| Jun 30, 2014 |
Aalto Museum undergoing $130 million restoration
Boh staff
By Staff

Northern Denmark is home to an architectural treasure, the Kunsten Museum of Modern Art, which houses contemporary art by Danish and foreign artists, and is the only museum outside of Finland designed by world-renowned architect Alvar Aalto. After 50 years, the museum is undergoing a radical restoration lead by architect Erik Møller with a planned reopening for fall 2015.

Møller’s vision is to create a modern, highly efficient museum within the existing framework. His previous projects include the Royal Danish Theatre, and Amalienborg, the principal residence of the Danish monarch.

In 1957, Aalto conceived the design of the museum in collaboration with Elissa Aalto and Jean-Jacques Baruël. The result was an art museum that is a work of art in itself. The building was designed in a light, organic, modernist style with an entirely unique distinctive inflow of light. Throughout the building, the choice of materials is unique, ranging from the custom-designed copper Aalto lights to the marble on the floors and outer walls.

“We want to maintain Aalto and Baruël’s architectural vision for the building, both inside and out,” said Trine Neble of Erik Møller Arkitekter. “That means that all surfaces and details will be retained or recycled, wherever possible. On one hand, it is cheaper and more sustainable to reuse existing resources. On the other hand, the minimal extension will leave the listed building as it was originally conceived.”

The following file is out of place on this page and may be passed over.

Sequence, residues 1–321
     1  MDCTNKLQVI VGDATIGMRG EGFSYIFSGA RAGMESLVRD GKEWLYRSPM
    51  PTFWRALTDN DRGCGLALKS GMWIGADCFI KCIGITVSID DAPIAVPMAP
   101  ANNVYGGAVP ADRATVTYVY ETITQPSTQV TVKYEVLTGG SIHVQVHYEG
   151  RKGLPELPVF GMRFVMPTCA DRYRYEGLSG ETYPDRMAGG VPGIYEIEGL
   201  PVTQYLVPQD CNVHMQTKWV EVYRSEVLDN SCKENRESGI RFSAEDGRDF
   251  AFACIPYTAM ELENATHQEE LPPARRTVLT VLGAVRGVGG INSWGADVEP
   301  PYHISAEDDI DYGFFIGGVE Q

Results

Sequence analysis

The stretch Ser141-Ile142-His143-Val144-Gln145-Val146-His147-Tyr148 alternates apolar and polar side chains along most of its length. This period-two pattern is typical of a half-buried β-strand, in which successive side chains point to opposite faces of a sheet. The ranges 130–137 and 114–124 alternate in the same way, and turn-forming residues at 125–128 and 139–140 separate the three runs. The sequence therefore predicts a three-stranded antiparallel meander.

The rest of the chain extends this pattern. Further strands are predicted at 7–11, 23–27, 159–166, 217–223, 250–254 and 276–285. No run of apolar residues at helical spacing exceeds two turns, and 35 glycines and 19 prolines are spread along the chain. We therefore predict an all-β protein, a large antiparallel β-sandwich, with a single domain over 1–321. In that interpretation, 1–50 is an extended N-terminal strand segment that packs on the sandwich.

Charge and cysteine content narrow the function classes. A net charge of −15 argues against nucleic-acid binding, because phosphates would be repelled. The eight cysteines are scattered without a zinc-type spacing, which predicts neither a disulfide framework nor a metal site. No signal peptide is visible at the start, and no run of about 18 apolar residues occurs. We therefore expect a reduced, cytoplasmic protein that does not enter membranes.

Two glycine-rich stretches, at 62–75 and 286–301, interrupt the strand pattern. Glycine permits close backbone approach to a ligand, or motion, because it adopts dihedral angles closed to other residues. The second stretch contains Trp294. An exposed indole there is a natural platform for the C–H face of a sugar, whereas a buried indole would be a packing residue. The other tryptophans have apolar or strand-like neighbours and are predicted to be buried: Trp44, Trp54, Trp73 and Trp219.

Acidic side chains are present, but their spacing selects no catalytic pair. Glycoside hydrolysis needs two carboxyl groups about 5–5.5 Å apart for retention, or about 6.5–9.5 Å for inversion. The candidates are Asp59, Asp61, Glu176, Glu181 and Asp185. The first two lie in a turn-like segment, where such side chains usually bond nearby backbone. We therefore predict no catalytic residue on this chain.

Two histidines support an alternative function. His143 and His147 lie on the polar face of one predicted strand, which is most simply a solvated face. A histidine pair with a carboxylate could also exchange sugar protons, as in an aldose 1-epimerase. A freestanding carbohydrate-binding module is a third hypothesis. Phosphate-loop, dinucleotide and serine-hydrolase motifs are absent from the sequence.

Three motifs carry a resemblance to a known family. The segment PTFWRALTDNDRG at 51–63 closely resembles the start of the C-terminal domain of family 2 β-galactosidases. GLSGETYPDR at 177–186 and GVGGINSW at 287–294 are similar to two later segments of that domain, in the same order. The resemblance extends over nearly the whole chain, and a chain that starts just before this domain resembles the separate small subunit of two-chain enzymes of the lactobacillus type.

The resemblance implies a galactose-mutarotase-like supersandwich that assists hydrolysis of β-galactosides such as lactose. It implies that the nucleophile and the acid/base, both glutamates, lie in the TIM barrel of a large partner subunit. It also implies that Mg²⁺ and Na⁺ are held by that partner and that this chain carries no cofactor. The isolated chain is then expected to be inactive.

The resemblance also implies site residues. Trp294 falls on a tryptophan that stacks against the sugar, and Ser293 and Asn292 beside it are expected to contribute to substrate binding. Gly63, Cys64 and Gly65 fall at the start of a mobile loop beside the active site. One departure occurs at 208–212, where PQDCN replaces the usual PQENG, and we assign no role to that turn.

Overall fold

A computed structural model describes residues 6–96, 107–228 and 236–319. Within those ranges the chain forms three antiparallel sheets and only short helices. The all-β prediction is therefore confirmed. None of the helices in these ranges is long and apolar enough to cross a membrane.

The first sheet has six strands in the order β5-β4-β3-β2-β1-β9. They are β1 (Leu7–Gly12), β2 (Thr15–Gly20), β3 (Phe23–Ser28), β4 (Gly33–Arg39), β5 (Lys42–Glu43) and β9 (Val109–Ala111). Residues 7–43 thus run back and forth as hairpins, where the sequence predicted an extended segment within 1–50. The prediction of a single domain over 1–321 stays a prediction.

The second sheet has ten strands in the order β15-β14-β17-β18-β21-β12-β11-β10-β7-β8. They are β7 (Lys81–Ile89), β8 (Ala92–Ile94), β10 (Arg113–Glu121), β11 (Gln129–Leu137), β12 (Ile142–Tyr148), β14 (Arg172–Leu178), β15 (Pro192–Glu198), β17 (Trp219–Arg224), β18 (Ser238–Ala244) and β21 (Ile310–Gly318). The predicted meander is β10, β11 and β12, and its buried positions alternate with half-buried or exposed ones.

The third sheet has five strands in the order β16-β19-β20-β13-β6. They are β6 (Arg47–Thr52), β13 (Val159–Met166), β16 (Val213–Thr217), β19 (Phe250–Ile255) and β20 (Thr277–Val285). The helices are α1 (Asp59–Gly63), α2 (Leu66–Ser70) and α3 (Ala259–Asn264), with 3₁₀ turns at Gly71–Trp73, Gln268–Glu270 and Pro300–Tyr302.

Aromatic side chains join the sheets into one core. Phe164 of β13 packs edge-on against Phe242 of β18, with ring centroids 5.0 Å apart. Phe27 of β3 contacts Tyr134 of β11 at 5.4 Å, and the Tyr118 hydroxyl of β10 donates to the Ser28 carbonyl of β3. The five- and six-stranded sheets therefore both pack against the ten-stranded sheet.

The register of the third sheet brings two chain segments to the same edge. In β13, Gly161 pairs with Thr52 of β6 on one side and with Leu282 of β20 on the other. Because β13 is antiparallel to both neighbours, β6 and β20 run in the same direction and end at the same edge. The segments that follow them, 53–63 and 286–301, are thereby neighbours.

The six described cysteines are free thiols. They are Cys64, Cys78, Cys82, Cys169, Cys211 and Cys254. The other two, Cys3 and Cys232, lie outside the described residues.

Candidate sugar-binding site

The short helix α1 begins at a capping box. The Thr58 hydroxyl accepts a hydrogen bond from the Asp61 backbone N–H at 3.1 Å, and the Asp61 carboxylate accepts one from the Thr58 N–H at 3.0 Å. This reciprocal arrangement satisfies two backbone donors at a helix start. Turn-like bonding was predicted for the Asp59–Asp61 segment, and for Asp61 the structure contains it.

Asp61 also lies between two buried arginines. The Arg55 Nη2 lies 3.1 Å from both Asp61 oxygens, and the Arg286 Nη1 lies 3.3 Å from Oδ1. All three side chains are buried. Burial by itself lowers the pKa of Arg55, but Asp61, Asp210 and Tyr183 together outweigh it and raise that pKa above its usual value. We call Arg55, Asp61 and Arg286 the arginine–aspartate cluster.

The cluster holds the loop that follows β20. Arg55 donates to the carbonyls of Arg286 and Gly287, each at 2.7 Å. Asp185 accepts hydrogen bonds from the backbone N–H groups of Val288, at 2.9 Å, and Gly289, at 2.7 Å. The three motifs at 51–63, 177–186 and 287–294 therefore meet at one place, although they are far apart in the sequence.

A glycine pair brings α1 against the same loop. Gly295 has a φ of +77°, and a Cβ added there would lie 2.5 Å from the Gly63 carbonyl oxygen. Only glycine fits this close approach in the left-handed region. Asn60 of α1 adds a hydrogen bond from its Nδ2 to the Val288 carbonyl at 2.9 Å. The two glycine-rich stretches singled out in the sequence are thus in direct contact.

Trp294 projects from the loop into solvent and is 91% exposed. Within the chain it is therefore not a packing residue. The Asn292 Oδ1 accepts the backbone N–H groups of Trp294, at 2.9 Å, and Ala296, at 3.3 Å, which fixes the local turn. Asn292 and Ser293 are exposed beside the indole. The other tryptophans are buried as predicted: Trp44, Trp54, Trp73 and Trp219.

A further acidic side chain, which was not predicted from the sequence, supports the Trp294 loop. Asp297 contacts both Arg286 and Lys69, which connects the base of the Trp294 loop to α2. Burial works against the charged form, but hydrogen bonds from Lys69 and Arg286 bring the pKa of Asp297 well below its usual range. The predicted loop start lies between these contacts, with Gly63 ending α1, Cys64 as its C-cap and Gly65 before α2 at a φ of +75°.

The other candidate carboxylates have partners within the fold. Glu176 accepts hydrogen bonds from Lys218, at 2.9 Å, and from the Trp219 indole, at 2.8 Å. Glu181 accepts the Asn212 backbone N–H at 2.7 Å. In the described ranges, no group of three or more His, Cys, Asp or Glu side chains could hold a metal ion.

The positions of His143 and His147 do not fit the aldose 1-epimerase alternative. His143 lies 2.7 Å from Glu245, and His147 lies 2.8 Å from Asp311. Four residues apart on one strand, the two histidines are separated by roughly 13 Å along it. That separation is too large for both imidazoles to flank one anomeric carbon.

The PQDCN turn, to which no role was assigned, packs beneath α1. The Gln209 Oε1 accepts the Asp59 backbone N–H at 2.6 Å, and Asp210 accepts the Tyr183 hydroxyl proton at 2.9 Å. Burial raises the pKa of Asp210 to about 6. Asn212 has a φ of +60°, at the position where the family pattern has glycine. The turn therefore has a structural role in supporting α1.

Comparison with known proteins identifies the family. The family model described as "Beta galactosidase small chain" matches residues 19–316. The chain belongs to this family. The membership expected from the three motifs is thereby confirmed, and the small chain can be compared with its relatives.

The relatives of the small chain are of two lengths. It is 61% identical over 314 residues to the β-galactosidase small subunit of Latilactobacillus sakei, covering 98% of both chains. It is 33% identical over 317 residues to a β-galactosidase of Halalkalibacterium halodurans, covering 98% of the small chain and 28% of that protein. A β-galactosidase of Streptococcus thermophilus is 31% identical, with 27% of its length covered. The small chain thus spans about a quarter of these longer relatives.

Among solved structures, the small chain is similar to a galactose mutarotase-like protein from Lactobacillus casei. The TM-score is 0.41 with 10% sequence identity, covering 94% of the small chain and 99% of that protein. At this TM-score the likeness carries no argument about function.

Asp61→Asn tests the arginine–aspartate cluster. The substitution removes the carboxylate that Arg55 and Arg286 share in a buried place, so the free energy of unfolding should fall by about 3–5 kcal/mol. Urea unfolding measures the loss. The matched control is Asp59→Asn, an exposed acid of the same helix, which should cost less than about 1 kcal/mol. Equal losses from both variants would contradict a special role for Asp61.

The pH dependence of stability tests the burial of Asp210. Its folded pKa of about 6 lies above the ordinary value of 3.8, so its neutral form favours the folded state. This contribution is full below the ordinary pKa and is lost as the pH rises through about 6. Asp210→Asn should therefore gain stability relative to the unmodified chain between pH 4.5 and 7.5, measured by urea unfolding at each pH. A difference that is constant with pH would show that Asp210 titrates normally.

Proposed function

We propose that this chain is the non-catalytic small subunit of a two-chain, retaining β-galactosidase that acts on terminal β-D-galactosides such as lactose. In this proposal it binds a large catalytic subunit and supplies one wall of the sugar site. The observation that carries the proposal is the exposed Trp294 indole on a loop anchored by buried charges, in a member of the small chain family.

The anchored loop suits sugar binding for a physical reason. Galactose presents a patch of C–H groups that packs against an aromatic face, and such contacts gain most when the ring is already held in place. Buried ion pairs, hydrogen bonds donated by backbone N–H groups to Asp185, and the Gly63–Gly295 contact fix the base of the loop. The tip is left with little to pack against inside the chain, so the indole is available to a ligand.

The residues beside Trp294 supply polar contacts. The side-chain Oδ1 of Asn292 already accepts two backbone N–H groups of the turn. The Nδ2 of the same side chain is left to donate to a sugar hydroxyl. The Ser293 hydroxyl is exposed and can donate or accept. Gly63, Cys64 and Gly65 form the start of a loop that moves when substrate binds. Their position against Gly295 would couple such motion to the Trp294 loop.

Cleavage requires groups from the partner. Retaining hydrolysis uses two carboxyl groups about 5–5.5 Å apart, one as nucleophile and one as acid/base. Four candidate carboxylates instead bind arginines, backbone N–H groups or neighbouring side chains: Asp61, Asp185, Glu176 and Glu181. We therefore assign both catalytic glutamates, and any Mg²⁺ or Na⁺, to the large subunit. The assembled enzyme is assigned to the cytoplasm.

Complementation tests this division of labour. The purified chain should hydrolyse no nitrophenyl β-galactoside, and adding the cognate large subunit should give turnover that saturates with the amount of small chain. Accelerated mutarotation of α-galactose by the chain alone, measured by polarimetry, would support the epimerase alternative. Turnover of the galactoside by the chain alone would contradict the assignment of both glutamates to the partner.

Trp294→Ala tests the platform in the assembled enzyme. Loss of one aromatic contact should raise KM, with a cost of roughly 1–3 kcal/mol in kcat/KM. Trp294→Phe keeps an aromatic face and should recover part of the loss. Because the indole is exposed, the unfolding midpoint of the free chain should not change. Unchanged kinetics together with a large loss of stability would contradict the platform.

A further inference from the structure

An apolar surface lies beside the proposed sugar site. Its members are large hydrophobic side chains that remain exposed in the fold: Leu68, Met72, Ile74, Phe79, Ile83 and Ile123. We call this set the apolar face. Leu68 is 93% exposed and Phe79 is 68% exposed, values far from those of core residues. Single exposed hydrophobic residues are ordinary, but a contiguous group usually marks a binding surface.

The $130 million project will be closely scrutinized by the Danish Agency for Culture, which is responsible for the protection of the building.

“In both cultural-historical and architectural terms, Kunsten in Aalborg is a very special building,” said Jesper Dahl, Head of Department at the Danish Agency for Culture. “It is an exceptional Danish testimony to Alvar Aalto’s masterful treatment of space, form, light and materials for a solid-cast modernist structure. So, it is a major and exciting challenge for the Danish Agency for Culture to be involved in updating the museum’s facilities while, at the same time, protecting its overall listed values, including preservation of its characteristic details and use of space.”

New features include a 6,500 square foot exhibition space in the basement, new facilities for children, and general improvements. The architecture practice Transform is in charge of the newly-constructed elements in the building in partnership with Møller.

“I am certain that the renovation will be conducted with total respect for Alvar Aalto’s brilliant building while accommodating the necessary art and visitor facilities, which a museum of the future requires,” said Gitte Ørskou, Museum Director.

While construction work is in progress, the museum will move to the city and travel around the country. It will exhibit a number of major works in museums throughout Denmark, including the National Gallery of Denmark in Copenhagen and Museum Jorn in the town of Silkeborg. The museum will also visit all local primary schools with a mobile education program which will provide children with a fun, educational experience of art during school time. Kunsten will also create a variety of “pop-up” exhibitions and events at various sites in Aalborg.

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